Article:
SWD IA on EU copyright modernisation – impacts of baseline option for digital retransmission

The legal uncertainty as to whether all rights relevant for the retransmission have been cleared faced by the retransmission service providers other than cable is expected to persist under the baseline option. As a result, those service providers can be expected to continue limiting their retransmission offers. Moreover, in view of the legal uncertainty, some market players might hesitate to launch innovative retransmission services or delay the launch in order to deal with licensing.

The baseline option would not have any direct impacts on costs. But neither would it alleviate the additional transaction cost burden for the retransmission service providers other than cable, resulting from the fact that they have to obtain licences not only from broadcasters and CMOs (like cable operators), but also from all the rightholders who have chosen to exercise their rights individually rather than transferring them to a broadcaster or mandating a CMO.

The impacts described above could be eliminated or mitigated in some MS, notably those in which the collective management regime already applies, as a result of national law (mandatory / extended collective management) or practical arrangements by the market players (voluntary collective management), to retransmission services other than cable or might become applicable to them in the future.

However, these solutions have led and are likely to continue leading to (i) lack of legal certainty in the market; (ii) fragmentation across the EU (different retransmission services falling within the scope of different licensing facilitation solutions in different MS) and (iii) significant time gaps between the emergence of an innovative retransmission service and the application of licensing facilitation mechanisms to it, if at all.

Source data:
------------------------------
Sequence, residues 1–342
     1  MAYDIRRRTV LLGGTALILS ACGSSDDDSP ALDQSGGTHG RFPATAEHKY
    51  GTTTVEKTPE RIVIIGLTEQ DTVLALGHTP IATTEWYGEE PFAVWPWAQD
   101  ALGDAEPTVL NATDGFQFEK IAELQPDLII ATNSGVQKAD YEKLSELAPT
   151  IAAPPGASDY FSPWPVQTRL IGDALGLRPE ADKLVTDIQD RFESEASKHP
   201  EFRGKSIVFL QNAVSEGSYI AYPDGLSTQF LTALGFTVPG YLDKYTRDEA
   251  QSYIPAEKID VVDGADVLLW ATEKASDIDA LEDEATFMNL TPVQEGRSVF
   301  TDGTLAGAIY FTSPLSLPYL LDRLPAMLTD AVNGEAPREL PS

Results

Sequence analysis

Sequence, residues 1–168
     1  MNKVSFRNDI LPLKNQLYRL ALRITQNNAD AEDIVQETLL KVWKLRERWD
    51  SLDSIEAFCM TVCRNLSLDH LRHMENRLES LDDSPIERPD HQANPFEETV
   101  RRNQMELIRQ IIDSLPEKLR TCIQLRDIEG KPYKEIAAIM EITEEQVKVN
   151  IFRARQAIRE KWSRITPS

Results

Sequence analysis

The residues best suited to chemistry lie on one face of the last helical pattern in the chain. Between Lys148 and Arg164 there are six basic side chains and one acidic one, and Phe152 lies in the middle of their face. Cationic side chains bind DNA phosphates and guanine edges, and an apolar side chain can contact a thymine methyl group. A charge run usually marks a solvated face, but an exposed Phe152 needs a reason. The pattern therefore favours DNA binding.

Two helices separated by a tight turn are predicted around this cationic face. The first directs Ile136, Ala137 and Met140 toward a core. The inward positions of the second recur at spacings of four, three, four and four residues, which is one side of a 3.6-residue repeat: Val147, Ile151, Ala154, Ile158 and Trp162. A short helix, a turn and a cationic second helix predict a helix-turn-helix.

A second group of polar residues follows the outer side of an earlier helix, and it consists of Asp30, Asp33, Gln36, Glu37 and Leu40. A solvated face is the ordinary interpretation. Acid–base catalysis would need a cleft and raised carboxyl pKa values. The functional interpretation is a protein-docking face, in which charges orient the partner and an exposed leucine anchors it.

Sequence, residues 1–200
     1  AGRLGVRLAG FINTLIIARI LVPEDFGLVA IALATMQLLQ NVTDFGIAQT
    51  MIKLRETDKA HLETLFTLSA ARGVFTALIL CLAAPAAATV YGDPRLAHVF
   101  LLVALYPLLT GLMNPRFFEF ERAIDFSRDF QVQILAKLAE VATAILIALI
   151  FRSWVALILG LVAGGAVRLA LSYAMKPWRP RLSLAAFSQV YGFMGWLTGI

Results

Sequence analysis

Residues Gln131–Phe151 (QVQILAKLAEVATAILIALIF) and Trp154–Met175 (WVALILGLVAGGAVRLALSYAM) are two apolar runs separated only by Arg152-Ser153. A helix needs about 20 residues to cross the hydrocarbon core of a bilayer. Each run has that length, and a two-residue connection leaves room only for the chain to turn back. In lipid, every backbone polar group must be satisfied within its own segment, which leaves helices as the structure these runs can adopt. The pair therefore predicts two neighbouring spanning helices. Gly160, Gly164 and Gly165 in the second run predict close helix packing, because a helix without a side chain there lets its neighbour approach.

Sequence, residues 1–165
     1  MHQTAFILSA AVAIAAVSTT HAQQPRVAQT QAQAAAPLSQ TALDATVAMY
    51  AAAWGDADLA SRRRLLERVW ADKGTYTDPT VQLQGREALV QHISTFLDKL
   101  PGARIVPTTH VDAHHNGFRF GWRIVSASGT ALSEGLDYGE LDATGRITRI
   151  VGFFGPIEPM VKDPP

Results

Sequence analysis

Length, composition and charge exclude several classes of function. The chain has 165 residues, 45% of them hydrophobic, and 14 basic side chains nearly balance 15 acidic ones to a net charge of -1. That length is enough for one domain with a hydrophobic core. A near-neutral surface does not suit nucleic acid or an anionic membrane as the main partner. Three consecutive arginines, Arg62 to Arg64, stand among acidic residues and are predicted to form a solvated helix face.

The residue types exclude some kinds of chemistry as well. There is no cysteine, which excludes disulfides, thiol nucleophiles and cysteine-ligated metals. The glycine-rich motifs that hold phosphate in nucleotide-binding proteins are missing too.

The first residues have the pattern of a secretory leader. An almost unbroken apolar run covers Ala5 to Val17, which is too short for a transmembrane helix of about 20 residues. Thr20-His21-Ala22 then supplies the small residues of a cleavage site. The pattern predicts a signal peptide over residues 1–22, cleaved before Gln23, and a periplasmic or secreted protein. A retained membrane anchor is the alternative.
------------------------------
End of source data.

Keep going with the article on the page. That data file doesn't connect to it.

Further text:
Under the baseline option, the ability of rightholders to generate revenues from the retransmission services other than cable would continue to vary depending on several factors: (i) whether a particular type of retransmission service falls within the scope of (mandatory or voluntary) collective management arrangements in a particular MS; (ii) the relative size of the right holder and his capacity to manage a network of licensing deals with numerous foreign retransmission service providers as well as the extent to which the right holder transfers his retransmission rights to broadcasters; (iii) the extent to which the providers of retransmission services other than cable actually enter into licensing deals with those rightholders who choose to exercise their rights individually or, on the contrary, rely on the “all-rights-included” licences granted by broadcasters.

In the scenario of no policy intervention, consumers could continue facing a sub-optimal market offer of TV / radio retransmission services. Consumers could be paying a higher subscription price due to a lesser choice of retransmission services than the one resulting from the situation of effective competition between a variety of existing market players and new entrants. However, as there are more elements that affect prices (e.g. whether premium or non-premium content is included, whether the service is bundled with other services), the concrete impact on the prices is difficult to predict.